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> High Concentration Photovoltaics – Technology on the way to the utility market

Hosted by Yole Développement

Moderator & Speakers:

Nov. 29, 2011 - 08:00 AM PST


To watch the webcast, please click here.

Although cumulative High Concentration Photovoltaics (HCPV) installed capacity represents only about 30 MW (less than 1% of the total PV market), it is currently at an inflection point to be deployed in utility-scale applications in some sunny locations and could surpass 1GW of yearly installed capacity in 2018. HCPV system technology providers like Amonix, Soitec/Concentrix and SolFocus have recently developed significant installation project pipelines. Such a growing market reveals the strong attention of numerous industrial players mainly coming from LED and microelectronic industry that see in HCPV the opportunity to use their expertise in III-V semiconductor technology to diversify their business. However, the HCPV technology is in general still struggling with low bankability and low interest of utility companies mainly due to short system field performance track records and the high cost of installed system. Beside of going to mass production of HCPV systems, a substantial system cost reduction could be enabled for instance by using of larger (6-inch) substrates for solar cell growth, by increasing the cell efficiency over 40% using new cell material, structures or deposition techniques, by increasing the light concentration ratio, by improving the module design, etc. Therefore, there is still a lot of room for companies coming with novel approaches. Much effort has to be made in all technological segments to develop more efficient, more reliable and durable HCPV systems for a competitive price and to provide independent data about their field performance at different locations.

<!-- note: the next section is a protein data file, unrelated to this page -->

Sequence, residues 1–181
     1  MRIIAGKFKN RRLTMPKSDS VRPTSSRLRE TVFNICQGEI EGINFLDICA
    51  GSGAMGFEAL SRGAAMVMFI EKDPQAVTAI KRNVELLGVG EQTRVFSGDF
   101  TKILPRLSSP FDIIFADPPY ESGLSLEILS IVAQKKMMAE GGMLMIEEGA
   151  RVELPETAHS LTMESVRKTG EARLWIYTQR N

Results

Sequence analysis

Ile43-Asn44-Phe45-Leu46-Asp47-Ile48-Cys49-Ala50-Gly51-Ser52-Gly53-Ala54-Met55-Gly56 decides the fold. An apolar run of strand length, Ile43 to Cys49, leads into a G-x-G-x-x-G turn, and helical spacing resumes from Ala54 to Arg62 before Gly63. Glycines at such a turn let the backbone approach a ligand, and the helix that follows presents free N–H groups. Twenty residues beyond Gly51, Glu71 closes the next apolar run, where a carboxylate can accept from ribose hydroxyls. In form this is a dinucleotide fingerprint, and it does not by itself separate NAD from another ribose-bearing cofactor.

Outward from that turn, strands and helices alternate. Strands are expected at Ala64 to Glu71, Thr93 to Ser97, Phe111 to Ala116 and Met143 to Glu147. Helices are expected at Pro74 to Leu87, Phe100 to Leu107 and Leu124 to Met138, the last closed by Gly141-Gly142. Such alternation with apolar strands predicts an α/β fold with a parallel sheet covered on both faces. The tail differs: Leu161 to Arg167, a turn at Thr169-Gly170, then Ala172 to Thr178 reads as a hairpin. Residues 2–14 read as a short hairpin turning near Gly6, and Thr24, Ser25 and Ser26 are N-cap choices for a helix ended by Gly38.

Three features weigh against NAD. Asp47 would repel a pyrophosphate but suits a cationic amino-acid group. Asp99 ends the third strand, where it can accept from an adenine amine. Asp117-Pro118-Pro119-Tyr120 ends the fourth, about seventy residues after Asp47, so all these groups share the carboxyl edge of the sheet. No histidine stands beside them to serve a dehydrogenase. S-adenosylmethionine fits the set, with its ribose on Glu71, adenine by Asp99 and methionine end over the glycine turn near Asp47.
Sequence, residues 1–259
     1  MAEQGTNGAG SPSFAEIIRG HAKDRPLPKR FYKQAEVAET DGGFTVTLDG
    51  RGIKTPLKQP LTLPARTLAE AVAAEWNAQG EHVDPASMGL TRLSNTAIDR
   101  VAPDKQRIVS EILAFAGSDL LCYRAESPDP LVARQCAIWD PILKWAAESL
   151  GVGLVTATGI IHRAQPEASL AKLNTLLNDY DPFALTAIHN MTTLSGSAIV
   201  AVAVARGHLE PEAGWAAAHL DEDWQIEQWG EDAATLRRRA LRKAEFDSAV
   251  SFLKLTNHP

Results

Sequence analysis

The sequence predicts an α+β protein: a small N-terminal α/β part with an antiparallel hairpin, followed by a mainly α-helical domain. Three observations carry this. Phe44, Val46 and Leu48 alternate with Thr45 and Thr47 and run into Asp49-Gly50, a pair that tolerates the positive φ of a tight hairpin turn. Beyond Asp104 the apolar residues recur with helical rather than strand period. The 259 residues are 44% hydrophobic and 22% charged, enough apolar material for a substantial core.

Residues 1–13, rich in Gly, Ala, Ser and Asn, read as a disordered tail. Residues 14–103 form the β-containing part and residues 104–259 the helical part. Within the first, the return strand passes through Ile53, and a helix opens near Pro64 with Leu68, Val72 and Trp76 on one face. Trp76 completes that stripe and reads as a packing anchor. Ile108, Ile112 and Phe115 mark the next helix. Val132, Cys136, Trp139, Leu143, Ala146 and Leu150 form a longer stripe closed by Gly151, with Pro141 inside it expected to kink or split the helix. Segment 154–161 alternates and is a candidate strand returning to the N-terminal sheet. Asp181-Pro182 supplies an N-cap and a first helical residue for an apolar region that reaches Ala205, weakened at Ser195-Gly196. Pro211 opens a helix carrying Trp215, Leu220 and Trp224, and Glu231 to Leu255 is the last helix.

This webcast will highlight:

  • Advantages and drawbacks of different solar technologies for electricity production.
  • Main market technology drivers and market barriers for the HCPV development.
  • Levelized Cost of Electricity for HCPV and main factors for its reduction.
  • Overview of all elements of the HCPV value chain (wafer, epiwafer, cell, optics, module receiver, tracker,…), their requirements and technological challenges.
  • Brief overview of technology suppliers for each element of an HCPV system.
  • Forecast and market metrics of the HCPV business until 2018.


Milan ROSINA, Ph.D. is analyst at Yole Développement for photovoltaic market & technologies. He received his Ph. D. in 2002 from the INPG in France. He gained experience as a research scientist in several renowned R&D institutions & industrial companies where he worked in the field of microelectronics, PV, LED & nanotechnology.

Feel free to contact Sandrine Leroy (leroy@yole.fr) if you need further information.

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